To heighten the effect, and in compliance with the desire universally expressed, it is recommended that the Ball Room represent various compartments of [the] ‘Curiosity Shop’ in which the productions of Boz may be illustrated. In order to add a strikingly novel and agreeable feature to the intended fete, it is suggested that a number of Tableaux Vivants be formed by competent artists, in the intervals of the dance, drawn from the novels, sketches, poems and dramas of Mr. Dickens, and shadowing forth, in living pictures, the graphic and glowing delineations of this singularly gifted and original author. (Anon., 1842a: 4)

‘The Boz Ball’ resembles Poe’s fictional ‘Masque’ in the manner by which the products of Dickens’s imagination, egotistical outgrowths of ‘the prince’s own eccentric and august taste’ (Poe, 1982: 269), became physically and performatively manifested in reality. Like Prospero’s masquerade, it was solely for the most powerful political and publishing elites of the city. For the Boz Ball Committee, their event was a key moment in which the widely circulating productions of Dickens could be returned to their source – in the sense that these tableaux vivants could be performed in the presence of their creator – effectively dramatising the anchoring logic of copyright. Again, it is useful to return to the Aurora extra which included a long description for readers of The Boz Ball. The Aurora writes:

The tableaux vivants were very fine indeed, and to those that could see them, afforded great gratification. The scene was a curious one. There was a raised stage at the back of the ballroom, and at the sound of a gong, the curtain drew up, and for the space of a minute, the characters were visible to those that were near enough, and tall enough, to see them. (Anon., 1908: 46)

The forms of power present in the authorial function of copyright law are also dramatised in a memorable, expressive moment of Poe’s story:

[T]here strikes the ebony clock which stands in the hall of velvet. And then, for a moment, all is still, and all is silent save the voice of the clock. The dreams are stiff-frozen as they stand. But the echoes of the chime die away – they have endured but an instant – and a light, half-subdued laughter floats after them as they depart. (Poe, 1982: 271)

In both pieces the sound of a ‘chime’ or ‘gong’ interrupts the dancing, and forces the audience to stand stock-still. In the case of the Boz Ball, the revellers watch tableaux vivants, whereas in Poe’s story the audience, in effect, become those tableaux. In both cases, though, the products of the author’s mind (whether Prospero or Dickens) render the audience static. As the New York committee for honouring Dickens desired, these tableaux produced the effect of reverence, the removal of his fiction from a ludic, public realm in which it could be reinterpreted and reconsidered, and the forging of that work into the shape of an ‘official’ monumentalisation. As such, the tableaux were synecdochal of the deployment of elite power that characterised the committee’s treatment of Dickens more generally and was, so republican dissenters argued, eroding the free play of ideas that had helped cultivate the revolution. As a dramatic device in Poe’s story, tableaux serve a similar purpose: one of reverence and stasis, a ritual action of deference. Yet it is not enough to point out that the ritual seems to replay monarchical or Old World cultures of prestige and honour; the mechanical nature of the tolling bell also recalls the rationalisation of time that allowed for the industrialisation of labour. Consequently, Prospero appears to readers as both an elite artist and an industrial overseer – a dual-threat to the security and ideology of the Jacksonian artisan republic.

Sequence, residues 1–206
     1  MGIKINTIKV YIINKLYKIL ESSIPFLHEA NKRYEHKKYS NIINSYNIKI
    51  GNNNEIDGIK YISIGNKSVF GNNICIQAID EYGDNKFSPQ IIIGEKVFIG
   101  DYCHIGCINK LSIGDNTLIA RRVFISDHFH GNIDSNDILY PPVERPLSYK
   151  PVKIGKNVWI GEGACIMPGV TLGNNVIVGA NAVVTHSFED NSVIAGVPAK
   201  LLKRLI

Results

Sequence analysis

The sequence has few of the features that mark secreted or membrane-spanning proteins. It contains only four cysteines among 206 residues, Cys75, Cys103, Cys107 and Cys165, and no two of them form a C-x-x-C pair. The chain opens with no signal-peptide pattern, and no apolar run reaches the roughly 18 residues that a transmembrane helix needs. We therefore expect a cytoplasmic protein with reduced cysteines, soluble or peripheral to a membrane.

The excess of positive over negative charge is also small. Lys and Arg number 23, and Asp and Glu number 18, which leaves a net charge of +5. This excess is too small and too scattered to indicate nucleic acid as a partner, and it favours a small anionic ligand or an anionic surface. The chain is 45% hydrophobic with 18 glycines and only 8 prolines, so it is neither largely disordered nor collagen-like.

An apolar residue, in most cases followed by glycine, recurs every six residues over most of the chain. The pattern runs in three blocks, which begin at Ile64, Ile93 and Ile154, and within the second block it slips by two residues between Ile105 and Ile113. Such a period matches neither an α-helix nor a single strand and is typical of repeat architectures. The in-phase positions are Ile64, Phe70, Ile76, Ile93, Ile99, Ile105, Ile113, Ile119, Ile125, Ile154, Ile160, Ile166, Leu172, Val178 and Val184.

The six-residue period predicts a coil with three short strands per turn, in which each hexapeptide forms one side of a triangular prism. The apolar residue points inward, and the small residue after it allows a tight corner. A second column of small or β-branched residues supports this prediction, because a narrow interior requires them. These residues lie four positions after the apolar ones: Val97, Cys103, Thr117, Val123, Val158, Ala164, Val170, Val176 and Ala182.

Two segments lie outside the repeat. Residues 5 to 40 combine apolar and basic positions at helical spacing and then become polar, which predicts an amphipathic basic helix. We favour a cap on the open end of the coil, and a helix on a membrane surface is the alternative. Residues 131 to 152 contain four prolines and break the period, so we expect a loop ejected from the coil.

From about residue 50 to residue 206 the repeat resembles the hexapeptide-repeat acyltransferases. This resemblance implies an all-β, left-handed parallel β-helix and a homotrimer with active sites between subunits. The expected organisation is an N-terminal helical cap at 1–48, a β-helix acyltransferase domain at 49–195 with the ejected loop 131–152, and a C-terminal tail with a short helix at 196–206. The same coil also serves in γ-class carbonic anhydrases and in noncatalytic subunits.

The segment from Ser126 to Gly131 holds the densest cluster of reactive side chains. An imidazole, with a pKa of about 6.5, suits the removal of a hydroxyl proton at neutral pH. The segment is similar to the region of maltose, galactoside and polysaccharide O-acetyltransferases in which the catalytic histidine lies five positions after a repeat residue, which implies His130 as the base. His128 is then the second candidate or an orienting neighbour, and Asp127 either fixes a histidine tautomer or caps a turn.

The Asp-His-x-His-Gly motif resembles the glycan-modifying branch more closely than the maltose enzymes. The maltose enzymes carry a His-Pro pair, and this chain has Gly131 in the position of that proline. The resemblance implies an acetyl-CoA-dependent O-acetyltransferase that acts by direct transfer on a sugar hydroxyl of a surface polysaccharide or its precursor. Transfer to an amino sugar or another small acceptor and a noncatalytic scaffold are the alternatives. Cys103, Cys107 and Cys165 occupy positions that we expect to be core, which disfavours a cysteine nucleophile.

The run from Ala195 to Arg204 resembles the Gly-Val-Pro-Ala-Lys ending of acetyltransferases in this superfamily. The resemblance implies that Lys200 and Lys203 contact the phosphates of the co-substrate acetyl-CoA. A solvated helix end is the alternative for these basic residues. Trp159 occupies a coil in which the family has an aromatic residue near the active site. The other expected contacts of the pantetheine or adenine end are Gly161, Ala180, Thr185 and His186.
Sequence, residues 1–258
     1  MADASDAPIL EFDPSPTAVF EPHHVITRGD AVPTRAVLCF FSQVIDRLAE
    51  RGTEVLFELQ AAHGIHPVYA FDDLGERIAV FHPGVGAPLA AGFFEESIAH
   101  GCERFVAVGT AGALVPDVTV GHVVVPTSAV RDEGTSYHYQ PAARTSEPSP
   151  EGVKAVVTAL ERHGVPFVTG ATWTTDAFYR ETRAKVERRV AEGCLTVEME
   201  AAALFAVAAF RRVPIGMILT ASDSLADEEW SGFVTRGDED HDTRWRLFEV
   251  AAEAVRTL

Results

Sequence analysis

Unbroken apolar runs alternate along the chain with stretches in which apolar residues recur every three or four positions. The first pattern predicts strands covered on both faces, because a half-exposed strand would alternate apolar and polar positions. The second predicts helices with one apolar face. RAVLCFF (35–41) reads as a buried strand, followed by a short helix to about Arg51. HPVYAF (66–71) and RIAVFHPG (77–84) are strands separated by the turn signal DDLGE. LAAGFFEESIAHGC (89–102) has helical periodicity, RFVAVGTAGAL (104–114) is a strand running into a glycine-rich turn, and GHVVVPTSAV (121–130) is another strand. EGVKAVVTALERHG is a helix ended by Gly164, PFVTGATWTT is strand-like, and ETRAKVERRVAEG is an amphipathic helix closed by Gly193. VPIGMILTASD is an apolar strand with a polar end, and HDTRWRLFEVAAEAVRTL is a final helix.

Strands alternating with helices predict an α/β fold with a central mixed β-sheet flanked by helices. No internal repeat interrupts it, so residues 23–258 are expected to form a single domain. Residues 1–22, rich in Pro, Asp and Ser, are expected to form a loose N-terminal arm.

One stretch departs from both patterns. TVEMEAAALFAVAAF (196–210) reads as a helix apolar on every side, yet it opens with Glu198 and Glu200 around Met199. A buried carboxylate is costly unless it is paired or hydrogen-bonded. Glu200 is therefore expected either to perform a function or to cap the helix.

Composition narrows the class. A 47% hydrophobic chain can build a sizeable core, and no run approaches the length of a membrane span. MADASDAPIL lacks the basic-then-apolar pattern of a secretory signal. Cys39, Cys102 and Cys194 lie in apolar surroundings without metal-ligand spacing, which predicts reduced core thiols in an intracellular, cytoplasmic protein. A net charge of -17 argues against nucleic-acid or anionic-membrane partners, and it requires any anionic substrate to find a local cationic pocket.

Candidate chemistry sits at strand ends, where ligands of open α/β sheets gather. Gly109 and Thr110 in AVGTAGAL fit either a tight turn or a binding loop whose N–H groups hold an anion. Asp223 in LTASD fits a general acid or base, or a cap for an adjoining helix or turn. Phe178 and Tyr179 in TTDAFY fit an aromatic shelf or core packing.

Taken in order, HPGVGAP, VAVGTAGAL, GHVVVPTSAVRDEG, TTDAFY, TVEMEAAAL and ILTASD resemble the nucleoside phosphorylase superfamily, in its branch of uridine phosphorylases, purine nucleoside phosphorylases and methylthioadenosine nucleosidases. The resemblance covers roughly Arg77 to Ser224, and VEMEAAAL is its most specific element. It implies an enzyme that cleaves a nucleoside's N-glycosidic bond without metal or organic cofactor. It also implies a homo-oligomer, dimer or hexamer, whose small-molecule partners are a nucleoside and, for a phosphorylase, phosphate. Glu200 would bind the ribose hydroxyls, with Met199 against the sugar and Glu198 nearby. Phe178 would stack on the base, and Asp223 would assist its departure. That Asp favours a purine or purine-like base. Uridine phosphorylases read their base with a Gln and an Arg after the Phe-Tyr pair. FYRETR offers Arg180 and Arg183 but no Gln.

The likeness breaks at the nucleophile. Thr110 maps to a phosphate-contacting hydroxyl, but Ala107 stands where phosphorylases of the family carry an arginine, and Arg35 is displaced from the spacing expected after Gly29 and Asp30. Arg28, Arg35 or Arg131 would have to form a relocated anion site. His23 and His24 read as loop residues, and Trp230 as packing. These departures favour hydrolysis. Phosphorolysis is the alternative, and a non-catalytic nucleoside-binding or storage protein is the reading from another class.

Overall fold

Another exposé of the Boz Ball in the New York Herald also resembles Poe’s interior description in ‘Masque of the Red Death’. In the 15th February edition of the Herald, the author describes the decoration of the Park Theatre in minute detail, breaking the theatre down into seven distinct areas of unique design: ‘First Tier… Second Tier Front… Third Tier Front… Fourth Tier… Boxes Second Tier… The Proscenium… and The Dome’ (Anon., 1842b: 3). The author then describes the stage decorations and arrangements, which ‘were the most chaste and beautiful that can be imagined’. The author goes on to say:

the whole stage represented a splendid chamber, of carved and gilded oak, with magnificent ceiling to match, of the Elizabethan age, with deep bow windows on each side…. On each panel of this room was placed a medallion tableau, highly finished, representing a scene from Boz’s works. There were twenty-two in number… (Anon., 1842b: 3)

Even among exposés for the popular press the description of the interior of the Park Theatre by the Herald reporter is excessive here. The paper was known for putting out extras concerning the events of the New York uppercrust’s party season, yet this precision of architectural description, especially when paired with illustrations, is remarkable for the sheer quantity of copy given over to it. According to the Herald reporter, each of the seven areas was individually colour-coded and themed: the First Tier was ‘covered with white muslin’, the Second Tier Front curiously decorated with twenty-three classical statues and medallions, the Third Tier Front ‘festoons of flowers’, the Fourth Tier portraits of American Presidents with ‘English and American ensigns crossed’, the boxes of the Second Tier contained ‘red-striped drapery curtains to represent tents, each having a blue ground in the corner’ and the proscenium and dome were covered with ‘red, white and blue bunting’ (Anon., 1842b: 3). Overall, the effect communicated by the reporter is of a sensory overload of conflicting, decontextualised symbols. Comparison with Poe’s own description is fruitful: